Now we prepared for the confrontation that, we hoped, would throw light on this extraordinary affair.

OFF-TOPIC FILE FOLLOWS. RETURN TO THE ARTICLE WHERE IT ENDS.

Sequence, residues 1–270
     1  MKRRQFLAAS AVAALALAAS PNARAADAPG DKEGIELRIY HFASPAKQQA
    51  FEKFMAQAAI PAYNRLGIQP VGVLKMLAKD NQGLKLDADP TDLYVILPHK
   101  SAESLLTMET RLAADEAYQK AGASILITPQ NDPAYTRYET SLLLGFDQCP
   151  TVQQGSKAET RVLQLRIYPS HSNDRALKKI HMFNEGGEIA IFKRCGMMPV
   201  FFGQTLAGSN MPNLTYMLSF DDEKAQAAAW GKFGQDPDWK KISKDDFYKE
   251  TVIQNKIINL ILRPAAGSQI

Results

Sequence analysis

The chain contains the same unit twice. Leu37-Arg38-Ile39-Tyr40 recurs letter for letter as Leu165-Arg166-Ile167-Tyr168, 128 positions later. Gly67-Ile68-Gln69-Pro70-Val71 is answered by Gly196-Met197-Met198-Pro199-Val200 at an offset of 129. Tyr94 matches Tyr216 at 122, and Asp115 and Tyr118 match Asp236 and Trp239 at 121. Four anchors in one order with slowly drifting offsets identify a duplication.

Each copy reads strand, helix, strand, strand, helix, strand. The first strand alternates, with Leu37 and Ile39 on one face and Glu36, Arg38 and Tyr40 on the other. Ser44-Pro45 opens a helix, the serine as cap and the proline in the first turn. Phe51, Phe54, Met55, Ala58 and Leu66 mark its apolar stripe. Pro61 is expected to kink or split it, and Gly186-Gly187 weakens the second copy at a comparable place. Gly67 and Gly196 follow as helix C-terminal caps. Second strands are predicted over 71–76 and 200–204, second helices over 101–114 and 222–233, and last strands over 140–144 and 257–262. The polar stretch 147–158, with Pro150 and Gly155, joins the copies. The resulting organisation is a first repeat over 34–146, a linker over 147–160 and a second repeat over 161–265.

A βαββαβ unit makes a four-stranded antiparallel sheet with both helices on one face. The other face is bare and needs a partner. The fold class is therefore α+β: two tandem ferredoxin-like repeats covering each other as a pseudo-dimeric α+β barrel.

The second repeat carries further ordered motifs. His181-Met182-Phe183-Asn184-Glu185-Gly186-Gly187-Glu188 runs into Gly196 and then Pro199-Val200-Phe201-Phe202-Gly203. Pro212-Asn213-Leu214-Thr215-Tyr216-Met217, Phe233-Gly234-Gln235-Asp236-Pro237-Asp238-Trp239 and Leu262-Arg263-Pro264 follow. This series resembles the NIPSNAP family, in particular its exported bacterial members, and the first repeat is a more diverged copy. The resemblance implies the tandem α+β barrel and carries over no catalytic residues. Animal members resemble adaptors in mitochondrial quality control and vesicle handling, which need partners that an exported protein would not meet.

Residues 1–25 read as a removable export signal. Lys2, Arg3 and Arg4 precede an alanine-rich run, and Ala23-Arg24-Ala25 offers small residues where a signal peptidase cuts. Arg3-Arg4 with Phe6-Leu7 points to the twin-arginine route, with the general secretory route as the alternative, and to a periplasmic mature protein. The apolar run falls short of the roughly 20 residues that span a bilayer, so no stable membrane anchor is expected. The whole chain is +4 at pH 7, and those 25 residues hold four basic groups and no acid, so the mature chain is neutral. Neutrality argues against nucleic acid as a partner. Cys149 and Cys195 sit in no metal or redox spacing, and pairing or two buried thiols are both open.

Every defector to American Intelligence is required— and every defector from the KGB expects— to submit to a polygraph test as part of the process of gaining acceptance by the American government. This presented an occasion to confront Nosenko with his lies and contradictions, with the aim of clarifying them or learning what they were hiding.